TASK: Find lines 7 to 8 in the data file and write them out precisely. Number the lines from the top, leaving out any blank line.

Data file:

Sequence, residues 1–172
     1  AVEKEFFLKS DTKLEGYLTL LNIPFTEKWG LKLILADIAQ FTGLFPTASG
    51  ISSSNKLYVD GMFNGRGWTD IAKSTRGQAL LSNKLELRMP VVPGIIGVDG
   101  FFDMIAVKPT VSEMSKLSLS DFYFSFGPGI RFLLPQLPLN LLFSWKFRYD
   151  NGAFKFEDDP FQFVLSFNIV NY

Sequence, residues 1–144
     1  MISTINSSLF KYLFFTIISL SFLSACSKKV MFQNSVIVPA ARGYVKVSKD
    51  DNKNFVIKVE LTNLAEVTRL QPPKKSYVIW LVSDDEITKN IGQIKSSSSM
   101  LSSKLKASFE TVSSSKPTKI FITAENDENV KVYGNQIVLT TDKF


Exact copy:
     1  MISTINSSLF KYLFFTIISL SFLSACSKKV MFQNSVIVPA ARGYVKVSKD
    51  DNKNFVIKVE LTNLAEVTRL QPPKKSYVIW LVSDDEITKN IGQIKSSSSM